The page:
Since its inception in 1958, the National Aeronautics and Space Administration (NASA) has been the face of American space travel and exploration. Countless space trips, moon landings, and explorations to other planets have been the on-going mission NASA has undertaken. But what is NASA actually doing now and what does NASA have planned for the future of American space travel and exploration?
We have the latest NASA news. Follow us into NASA’s present and future of exploration.
NASA NEWS: RETURNING TO THE MOON
NASA news reports are calling this their Artemis program.
Since 1972’s Apollo 17, not one American, in fact not one person, has set foot on the moon. We are talking over 47 years without one human being stepping foot on Earth’s closest neighbor. What gives? According to most pundits, the Cold War is what gives. When America was sending the Apollo crews to the moon, it was pretty much a race against Russia. The Cold War pushed the agenda. Since the last landing, the agenda has obviously shifted.
Missions back to the moon have been planned, only to see them scrapped for various reasons. NASA planned for the U.S. to head back to the moon by 2028, but Vice President Mike Pence stepped in, instructing them to get it done by 2024. This brings us to the Artemis program.
NASA’s goal with Artemis is many. First, it will establish a human presence back on the moon. Along with this human presence is the announcement that not only will humans once again occupy the moon’s surface, but one of the human’s stepping foot on the moon will be the first woman. It will truly be an amazing time for NASA and Americans alike.
Secondly, NASA plans to explore more of the surface than ever before. In collaboration with commercial partners as well as international ones, the goal here is to create sustainable exploration that will allow them to plan out NASA’s next big adventure.
NASA NEWS ON EARTH
In addition to their plans for space NASA news reports reveal they are working on projects closer to home. These projects aren’t always space-related as some are intended to help make life on Earth a little easier.
Exploring Earth is an overreaching newsworthy NASA project that begins in space but instead of looking out, it is looking back at Earth. Using the many satellites at its disposal, NASA monitors the Earth’s vital signs in hopes to understand just how the planet is changing. NASA also uses these satellites in conjunction with its many ground-based observation posts to fully monitor the changes in both land and sea.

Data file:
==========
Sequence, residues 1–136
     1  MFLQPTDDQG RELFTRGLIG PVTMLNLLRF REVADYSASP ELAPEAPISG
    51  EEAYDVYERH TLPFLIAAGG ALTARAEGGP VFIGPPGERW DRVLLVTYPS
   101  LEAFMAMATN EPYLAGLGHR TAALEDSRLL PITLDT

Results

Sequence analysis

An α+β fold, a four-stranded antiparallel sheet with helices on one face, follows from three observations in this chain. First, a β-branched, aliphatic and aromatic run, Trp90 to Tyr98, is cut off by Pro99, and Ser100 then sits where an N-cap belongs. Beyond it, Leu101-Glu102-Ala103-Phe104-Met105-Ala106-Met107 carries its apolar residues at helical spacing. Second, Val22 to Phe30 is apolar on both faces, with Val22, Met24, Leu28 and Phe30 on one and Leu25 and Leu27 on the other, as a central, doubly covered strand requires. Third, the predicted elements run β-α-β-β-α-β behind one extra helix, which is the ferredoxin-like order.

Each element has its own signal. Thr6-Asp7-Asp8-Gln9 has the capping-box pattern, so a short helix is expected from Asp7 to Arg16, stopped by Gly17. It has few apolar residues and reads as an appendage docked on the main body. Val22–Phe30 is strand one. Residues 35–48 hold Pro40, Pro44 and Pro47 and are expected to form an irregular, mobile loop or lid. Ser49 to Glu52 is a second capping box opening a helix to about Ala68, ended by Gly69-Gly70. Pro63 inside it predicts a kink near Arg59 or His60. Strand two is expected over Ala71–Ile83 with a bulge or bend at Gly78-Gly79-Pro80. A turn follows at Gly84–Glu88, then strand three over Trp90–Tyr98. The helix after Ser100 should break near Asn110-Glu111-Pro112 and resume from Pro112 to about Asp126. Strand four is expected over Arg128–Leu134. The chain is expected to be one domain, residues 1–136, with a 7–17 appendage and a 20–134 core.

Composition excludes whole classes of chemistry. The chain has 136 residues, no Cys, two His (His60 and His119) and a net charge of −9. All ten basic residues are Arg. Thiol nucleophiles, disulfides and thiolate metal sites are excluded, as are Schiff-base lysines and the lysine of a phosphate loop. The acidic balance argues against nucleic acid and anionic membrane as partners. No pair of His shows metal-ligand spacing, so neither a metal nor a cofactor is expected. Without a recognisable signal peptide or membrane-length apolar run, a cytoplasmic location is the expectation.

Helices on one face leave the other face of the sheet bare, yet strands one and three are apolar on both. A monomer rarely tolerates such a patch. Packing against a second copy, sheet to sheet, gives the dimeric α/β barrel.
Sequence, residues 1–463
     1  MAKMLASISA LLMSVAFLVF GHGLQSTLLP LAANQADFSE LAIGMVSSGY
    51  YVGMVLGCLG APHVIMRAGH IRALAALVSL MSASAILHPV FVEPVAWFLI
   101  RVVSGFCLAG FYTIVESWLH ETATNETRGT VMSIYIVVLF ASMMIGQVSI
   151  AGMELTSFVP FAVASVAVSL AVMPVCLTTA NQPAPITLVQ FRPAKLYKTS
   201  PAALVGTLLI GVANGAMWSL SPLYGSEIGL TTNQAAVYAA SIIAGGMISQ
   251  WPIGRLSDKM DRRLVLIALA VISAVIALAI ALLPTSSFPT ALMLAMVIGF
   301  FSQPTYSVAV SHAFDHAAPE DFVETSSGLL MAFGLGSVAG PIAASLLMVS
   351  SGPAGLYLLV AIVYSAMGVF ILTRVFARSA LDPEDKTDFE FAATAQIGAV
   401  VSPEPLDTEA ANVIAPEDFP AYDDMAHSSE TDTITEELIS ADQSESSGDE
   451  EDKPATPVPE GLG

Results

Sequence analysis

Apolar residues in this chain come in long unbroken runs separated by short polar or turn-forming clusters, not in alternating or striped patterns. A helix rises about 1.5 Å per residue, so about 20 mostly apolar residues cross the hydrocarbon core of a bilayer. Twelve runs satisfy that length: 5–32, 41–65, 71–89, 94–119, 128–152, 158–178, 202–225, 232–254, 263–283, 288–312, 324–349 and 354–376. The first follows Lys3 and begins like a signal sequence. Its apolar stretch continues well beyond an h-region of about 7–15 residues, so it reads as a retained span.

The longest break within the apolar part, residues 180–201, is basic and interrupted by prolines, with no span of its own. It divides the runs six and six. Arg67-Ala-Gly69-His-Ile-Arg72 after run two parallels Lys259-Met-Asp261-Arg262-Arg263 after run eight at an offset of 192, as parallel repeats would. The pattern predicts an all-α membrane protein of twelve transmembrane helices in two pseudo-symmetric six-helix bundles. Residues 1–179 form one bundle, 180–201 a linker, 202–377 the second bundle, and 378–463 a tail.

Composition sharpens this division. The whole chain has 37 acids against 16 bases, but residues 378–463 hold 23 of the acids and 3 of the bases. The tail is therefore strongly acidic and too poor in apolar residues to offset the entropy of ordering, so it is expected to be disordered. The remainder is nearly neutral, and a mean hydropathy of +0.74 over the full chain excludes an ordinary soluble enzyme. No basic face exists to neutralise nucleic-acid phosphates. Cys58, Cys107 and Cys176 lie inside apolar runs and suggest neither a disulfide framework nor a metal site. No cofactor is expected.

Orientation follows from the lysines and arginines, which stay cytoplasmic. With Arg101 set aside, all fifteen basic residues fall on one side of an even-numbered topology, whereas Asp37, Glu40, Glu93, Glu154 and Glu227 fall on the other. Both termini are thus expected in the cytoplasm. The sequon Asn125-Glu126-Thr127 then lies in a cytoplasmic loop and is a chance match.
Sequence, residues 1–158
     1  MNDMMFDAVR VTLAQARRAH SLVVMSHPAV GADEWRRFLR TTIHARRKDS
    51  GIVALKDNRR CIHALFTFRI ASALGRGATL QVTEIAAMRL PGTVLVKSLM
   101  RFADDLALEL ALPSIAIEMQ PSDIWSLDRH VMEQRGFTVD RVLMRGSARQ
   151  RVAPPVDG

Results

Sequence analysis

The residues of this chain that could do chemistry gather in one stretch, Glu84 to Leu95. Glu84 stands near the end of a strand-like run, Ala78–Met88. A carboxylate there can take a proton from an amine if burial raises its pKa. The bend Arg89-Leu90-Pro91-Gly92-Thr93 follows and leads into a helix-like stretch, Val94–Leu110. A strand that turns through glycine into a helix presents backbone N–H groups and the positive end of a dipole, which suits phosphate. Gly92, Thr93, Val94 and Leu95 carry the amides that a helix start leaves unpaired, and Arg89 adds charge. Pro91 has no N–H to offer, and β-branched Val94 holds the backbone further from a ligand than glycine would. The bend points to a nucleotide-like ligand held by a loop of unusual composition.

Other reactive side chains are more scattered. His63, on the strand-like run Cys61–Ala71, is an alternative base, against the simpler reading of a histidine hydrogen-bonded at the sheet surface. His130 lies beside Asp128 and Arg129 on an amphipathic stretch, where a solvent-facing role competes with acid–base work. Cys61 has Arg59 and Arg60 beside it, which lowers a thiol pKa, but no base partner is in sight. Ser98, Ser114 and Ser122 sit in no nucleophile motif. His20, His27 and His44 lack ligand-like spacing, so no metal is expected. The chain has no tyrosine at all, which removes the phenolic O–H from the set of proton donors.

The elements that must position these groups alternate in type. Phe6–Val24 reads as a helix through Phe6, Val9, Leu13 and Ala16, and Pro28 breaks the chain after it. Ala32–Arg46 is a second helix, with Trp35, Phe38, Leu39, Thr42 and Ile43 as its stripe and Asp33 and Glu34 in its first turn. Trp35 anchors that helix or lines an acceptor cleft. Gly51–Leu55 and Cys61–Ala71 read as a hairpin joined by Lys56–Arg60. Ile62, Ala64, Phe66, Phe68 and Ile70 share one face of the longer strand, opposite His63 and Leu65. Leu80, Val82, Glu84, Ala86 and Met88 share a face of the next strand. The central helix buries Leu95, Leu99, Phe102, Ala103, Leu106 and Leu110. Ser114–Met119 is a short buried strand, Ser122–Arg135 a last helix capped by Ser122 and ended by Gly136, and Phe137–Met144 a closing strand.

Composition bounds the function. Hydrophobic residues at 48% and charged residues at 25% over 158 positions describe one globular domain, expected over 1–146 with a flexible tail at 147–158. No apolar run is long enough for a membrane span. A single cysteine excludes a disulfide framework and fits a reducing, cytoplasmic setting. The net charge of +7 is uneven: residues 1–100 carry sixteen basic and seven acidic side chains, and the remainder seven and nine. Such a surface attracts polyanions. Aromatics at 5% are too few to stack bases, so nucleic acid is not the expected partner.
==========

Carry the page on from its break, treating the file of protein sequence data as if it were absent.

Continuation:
NASA recently was cleared to move forward on its X-59 Quiet Supersonic Research Aircraft, the first piloted X-plane in over three decades. The excitement for this is that the X-59 will be shaped in such a way to reduce or completely negate the sonic boom it causes when flying. The plan is to fly the X-59 above select U.S. communities and gather data from sensors that will help determine new rules so supersonic commercial air travel can take place over land.
NASA NEWS ON THE RED PLANET
Mars. Not that this is a new adventure, per se, as NASA has had fly-bys and Mars landings in the past. Its Curiosity rover has been on the red planet since 2012, sending back amazing photos and information that NASA has used to gain the knowledge necessary for Mars exploration.
Now, the Mars 2020 rover is on track to launch in the July window. This new rover is similar to the Curiosity, but weighs 278 more and is compared to a mini-Cooper. What separates these two rovers is what they are on the red planet to accomplish. Mars 2020 is designed to do what no other rover can. And that is to take samples of Mars surface and place them in hermetically sealed test tubes. These test tubes will be set down for a future Mars expedition to pick up and bring back to Earth for scientists to study.
As announced to various news outlets NASA plans to drop the Mars 2020 in an ancient river delta in the Jezero Crater. A lake filled this crater and the hope is to find evidence of a single-cell organism. Life.
This is not the only mission NASA is working on when it comes to Mars. Their InSight Mission is a Mars lander that plans on studying the inside of Mars, its crust, mantle, and core. NASA wants to answer questions about the formation of the planet by studying its tectonic activity and any meteorite impact they’ve had on the planet. This lander will be using cutting edge equipment to get under the surface of Mars so it can measure its vital signs: the pulse, temperature, and reflexes of the planet. Its an ambitious mission, one that has another goal for NASA.